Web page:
Skip to main content
SLU publication database (SLUpub)

Research article2023Peer reviewedOpen access

Waste-derived nanobiochar: A new avenue towards sustainable agriculture, environment, and circular bioeconomy

Sani, Md Nasir Hossain; Amin, Mehedi; Siddique, Abu Bakar; Nasif, Saifullah Omar; Ghaley, Bhim Bahadur; Ge, Liya; Wang, Feng; Yong, Jean W.H


The greatest challenge for the agriculture sector in the twenty-first century is to increase agricultural production to feed the burgeoning global population while maintaining soil health and the integrity of the agroecosystem. Currently, the application of biochar is widely implemented as an effective means for boosting sustainable agriculture while having a negligible influence on ecosystems and the environment. In comparison to traditional biochar, nano-biochar (nano-BC) boasts enhanced specific surface area, adsorption capacity, and mobility properties within soil, allowing it to promote soil properties, crop growth, and environmental remediation. Additionally, carbon sequestration and reduction of methane and nitrous oxide emissions from agriculture can be achieved with nano-BC applications, contributing to climate change mitigation. Nonetheless, due to cost-effectiveness, sustainability, and environmental friendliness, waste-derived nano-BC may emerge as the most viable alternative to conventional waste management strategies, contributing to the circular bioeconomy and the broader goal of achieving the Sustainable Development Goals (SDGs). However, it's important to note that research on nano-BC is still in its nascent stages. Potential risks, including toxicity in aquatic and terrestrial environments, necessitate extensive field investigations. This review delineates the potential of waste-derived nano-BC for sustainable agriculture and environmental applications, outlining current advancements, chal-lenges, and possibilities in the realms from a sustainability and circular bioeconomy standpoint.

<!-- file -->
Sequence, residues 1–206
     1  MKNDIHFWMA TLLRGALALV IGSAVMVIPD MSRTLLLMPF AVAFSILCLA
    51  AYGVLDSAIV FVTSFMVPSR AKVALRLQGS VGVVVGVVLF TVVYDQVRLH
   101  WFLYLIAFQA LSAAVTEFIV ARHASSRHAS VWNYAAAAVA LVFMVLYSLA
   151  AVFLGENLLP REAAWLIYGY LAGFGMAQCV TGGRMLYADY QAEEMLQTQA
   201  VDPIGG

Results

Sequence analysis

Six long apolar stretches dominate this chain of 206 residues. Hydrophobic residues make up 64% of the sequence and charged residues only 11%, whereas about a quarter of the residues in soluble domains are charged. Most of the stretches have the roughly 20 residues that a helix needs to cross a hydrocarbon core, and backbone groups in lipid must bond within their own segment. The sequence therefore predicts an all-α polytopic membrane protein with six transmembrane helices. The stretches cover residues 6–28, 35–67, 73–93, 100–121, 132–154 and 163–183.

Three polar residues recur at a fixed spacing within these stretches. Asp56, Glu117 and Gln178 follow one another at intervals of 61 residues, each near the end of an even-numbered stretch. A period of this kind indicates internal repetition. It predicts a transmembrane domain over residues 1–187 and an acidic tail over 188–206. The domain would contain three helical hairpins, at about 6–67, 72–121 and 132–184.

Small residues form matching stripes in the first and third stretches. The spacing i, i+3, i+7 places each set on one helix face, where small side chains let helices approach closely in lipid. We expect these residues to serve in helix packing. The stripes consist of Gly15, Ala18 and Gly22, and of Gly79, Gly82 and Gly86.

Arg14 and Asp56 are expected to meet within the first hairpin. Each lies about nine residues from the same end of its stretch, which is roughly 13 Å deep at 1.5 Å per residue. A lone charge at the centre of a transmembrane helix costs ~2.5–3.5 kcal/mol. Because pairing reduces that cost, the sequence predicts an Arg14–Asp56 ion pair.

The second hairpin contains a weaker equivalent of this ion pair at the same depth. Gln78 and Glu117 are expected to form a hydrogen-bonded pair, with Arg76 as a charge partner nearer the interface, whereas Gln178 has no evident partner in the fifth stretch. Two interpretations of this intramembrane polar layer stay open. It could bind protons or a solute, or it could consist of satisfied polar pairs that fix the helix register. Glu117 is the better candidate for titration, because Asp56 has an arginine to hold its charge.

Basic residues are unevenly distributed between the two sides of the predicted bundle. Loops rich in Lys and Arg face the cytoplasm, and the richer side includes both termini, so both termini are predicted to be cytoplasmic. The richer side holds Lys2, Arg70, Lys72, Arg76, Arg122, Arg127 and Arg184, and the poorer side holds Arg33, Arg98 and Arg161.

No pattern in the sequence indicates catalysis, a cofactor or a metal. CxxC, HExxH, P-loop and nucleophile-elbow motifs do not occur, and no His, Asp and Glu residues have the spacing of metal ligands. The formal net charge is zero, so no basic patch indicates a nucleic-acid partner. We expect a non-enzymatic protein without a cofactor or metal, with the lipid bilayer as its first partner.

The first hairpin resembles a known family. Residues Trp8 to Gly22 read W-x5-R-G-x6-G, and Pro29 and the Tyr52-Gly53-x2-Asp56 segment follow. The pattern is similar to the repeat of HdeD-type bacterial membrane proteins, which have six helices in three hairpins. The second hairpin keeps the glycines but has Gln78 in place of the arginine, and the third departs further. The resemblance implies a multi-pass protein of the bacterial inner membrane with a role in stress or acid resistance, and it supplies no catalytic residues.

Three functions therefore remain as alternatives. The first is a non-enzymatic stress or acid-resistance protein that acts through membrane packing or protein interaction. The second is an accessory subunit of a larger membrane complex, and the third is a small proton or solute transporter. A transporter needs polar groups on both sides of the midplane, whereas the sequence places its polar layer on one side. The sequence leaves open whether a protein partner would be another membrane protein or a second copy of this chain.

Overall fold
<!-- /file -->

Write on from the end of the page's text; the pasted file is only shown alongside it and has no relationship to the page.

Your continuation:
Nanobiochar; Nanotechnology; Waste management; Soil remediation; Nanotoxicity; Climate change

Published in

Science of the Total Environment
2023, Volume: 905, article number: 166881

      SLU Authors

    • Sustainable Development Goals

      End hunger, achieve food security and improved nutrition and promote sustainable agriculture
      Build resilient infrastructure, promote inclusive and sustainable industrialization and foster innovation
      Ensure sustainable consumption and production patterns

      UKÄ Subject classification

      Environmental Management
      Environmental Sciences related to Agriculture and Land-use

      Publication identifier


      Permanent link to this page (URI)